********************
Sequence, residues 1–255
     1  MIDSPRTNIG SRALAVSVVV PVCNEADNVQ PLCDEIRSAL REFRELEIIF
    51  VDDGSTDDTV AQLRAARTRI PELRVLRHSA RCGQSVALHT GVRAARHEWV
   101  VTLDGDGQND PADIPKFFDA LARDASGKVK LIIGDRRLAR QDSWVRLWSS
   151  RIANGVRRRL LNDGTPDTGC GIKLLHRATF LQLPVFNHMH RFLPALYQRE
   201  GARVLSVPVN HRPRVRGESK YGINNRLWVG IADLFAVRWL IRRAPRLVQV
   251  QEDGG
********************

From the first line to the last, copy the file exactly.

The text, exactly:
Sequence, residues 1–255
     1  MIDSPRTNIG SRALAVSVVV PVCNEADNVQ PLCDEIRSAL REFRELEIIF
    51  VDDGSTDDTV AQLRAARTRI PELRVLRHSA RCGQSVALHT GVRAARHEWV
   101  VTLDGDGQND PADIPKFFDA LARDASGKVK LIIGDRRLAR QDSWVRLWSS
   151  RIANGVRRRL LNDGTPDTGC GIKLLHRATF LQLPVFNHMH RFLPALYQRE
   201  GARVLSVPVN HRPRVRGESK YGINNRLWVG IADLFAVRWL IRRAPRLVQV
   251  QEDGG